Product Documentation

Configuring SSL Protocol Settings

May 20, 2015

The NetScaler appliance supports the SSLv2, SSLv3, TLSv1, TLSv1.1, and TLSv1.2 protocols. Each of these can be set on the appliance as required by your deployment and the type of clients that will connect to the appliance.

TLS protocol versions 1.0, 1.1, and 1.2 are more secure than older versions of the TLS/SSL protocol. However, to support legacy systems, many TLS implementations maintain backward compatibility with the SSLv3 protocol. In an SSL handshake, the highest protocol version common to the client and the SSL virtual server configured on the NetScaler appliance is used.

In the first handshake attempt, a TLS client offers the highest protocol version that it supports. If the handshake fails, the client offers a lower protocol version. For example, if a handshake with TLS version 1.1 is not successful, the client attempts to renegotiate by offering the TLSv1.0 protocol. If that attempt is unsuccessful, the client reattempts with the SSLv3 protocol. A “man in the middle” (MITM) attacker can break the initial handshake and trigger renegotiation with the SSLv3 protocol, and then exploit a vulnerability in SSLv3. To mitigate such attacks, you can disable SSLv3 or not allow renegotiation using a downgraded protocol. However, this might not be practical if your deployment includes legacy systems. An alternative is to recognize a signaling cipher suite value (TLS_FALLBACK_SCSV) in the client request.

A TLS_FALLBACK_SCSV value in a client hello message indicates to the virtual server that the client has previously attempted to connect with a higher protocol version and that the current request is a fallback. If the virtual server detects this value, and it supports a version higher than the one indicated by the client, it rejects the connection with a fatal alert. If a TLS_FALLBACK_SCSV is not included in the client hello message, or if the protocol version in the client hello is the highest protocol version supported by the virtual server, the handshake succeeds.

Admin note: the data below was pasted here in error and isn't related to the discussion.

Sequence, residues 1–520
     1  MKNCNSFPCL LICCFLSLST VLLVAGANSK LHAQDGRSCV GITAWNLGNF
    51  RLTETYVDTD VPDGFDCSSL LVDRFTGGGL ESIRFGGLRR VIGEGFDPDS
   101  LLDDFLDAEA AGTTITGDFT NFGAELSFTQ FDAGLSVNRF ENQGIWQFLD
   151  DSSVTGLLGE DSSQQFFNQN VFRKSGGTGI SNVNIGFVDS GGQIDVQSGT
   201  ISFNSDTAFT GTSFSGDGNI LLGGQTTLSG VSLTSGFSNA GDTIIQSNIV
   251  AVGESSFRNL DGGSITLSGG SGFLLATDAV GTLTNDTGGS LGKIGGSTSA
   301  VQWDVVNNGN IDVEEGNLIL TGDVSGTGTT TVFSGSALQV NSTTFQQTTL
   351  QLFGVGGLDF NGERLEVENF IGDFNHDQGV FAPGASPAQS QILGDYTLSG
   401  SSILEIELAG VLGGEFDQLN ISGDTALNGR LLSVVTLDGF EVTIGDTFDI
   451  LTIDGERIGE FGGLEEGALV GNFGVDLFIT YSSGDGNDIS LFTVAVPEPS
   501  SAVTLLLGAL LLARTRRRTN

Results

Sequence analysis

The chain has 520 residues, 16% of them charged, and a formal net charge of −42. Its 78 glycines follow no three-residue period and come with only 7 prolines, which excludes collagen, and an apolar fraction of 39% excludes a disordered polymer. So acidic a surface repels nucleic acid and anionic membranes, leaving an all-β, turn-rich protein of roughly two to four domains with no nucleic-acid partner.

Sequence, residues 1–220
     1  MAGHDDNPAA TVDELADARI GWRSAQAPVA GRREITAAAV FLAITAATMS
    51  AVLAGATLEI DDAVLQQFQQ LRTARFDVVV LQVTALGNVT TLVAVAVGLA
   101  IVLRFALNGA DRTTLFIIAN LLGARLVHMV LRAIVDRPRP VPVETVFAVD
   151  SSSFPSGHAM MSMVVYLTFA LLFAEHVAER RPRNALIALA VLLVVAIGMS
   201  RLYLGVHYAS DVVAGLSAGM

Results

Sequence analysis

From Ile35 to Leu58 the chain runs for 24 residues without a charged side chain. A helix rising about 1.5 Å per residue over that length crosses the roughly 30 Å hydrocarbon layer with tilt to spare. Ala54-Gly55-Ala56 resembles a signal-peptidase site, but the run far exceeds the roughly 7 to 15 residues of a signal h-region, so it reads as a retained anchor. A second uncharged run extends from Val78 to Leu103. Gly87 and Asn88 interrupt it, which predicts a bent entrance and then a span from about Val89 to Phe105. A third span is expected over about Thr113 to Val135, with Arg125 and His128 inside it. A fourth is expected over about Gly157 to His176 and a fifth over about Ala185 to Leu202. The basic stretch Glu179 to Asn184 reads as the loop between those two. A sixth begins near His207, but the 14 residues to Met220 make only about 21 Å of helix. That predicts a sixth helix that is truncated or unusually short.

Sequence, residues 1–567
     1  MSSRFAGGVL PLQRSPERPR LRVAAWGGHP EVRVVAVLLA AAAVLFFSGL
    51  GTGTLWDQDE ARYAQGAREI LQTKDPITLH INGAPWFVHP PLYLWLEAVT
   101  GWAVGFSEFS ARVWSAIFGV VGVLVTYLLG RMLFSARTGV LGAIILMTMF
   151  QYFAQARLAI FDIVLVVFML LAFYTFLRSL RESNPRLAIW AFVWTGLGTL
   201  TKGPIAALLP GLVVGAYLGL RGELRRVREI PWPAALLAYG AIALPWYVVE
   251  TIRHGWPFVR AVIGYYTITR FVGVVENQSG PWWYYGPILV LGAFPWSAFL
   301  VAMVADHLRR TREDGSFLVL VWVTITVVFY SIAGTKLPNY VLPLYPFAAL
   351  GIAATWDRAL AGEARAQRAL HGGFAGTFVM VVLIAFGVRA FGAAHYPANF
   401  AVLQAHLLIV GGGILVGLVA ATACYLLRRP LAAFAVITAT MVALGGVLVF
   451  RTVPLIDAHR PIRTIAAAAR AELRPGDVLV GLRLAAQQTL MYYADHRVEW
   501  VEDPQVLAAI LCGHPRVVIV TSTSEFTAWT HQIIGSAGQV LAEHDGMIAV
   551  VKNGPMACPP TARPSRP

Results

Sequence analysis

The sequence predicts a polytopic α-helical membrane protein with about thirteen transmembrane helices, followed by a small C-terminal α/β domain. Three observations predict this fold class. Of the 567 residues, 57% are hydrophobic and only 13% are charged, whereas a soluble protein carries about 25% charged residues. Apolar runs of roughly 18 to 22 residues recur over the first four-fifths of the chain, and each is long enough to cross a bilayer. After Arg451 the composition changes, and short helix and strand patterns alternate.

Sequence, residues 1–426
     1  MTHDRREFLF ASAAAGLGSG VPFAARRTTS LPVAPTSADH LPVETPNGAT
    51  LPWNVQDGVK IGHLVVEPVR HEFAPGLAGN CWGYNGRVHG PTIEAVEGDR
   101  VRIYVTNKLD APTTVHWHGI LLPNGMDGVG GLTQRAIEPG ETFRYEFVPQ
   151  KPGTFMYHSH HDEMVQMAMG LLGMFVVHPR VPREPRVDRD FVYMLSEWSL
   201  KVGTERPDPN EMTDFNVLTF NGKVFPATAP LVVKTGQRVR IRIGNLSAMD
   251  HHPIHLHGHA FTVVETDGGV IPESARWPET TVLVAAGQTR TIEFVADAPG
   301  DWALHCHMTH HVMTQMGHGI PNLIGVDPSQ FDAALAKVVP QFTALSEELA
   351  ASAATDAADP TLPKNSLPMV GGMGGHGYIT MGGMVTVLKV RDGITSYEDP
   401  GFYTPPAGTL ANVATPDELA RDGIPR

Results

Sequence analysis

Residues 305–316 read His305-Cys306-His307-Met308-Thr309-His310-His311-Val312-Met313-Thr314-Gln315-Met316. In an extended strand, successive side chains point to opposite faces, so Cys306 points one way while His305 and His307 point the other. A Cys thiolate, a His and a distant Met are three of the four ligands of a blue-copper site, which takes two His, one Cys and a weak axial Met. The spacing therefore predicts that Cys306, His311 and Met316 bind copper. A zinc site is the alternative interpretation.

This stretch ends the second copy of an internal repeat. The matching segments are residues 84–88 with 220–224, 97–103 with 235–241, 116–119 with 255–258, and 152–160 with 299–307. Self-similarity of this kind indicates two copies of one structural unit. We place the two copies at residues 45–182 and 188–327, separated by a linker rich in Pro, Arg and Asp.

To configure SSL protocol support by using the command line interface

At the command prompt, type the following commands to configure SSL protocol support and verify the configuration:

  • set ssl vserver <vServerName> -ssl2 ( ENABLED | DISABLED ) -ssl3 ( ENABLED | DISABLED ) -tls1 ( ENABLED | DISABLED ) -tls11 ( ENABLED | DISABLED ) -tls12 ( ENABLED | DISABLED )
  • show ssl vserver <vServerName>


> set ssl vserver vs-ssl -tls11 ENABLED -tls12 ENABLED 
> sh ssl vs vs-ssl 
					   Advanced SSL configuration for VServer vs-ssl: 
        DH: DISABLED 
        Ephemeral RSA: ENABLED                            Refresh Count: 0 
        Session Reuse: ENABLED                              Timeout: 120 seconds 
        Cipher Redirect: DISABLED 
        SSLv2 Redirect: DISABLED 
        ClearText Port: 0 
        Client Auth: DISABLED 
        SSL Redirect: DISABLED 
        Non FIPS Ciphers: DISABLED 
        SNI: DISABLED 
        SSLv2: DISABLED        SSLv3: ENABLED    TLSv1.0: ENABLED  TLSv1.1: ENABLED  TLSv1.2: ENABLED 
        Push Encryption Trigger: Always 
        Send Close-Notify: YES 
        1 bound certificate: 
1)      CertKey Name: mycert  Server Certificate 
        1 configured cipher: 
1)      Cipher Name: DEFAULT 
        Description: Predefined Cipher Alias 

To configure SSL protocol support by using the configuration Utility

  1. Navigate to Traffic Management > Load Balancing > Virtual Servers, and open a virtual server.
  2. In the SSL Parameters section, select a protocol to enable.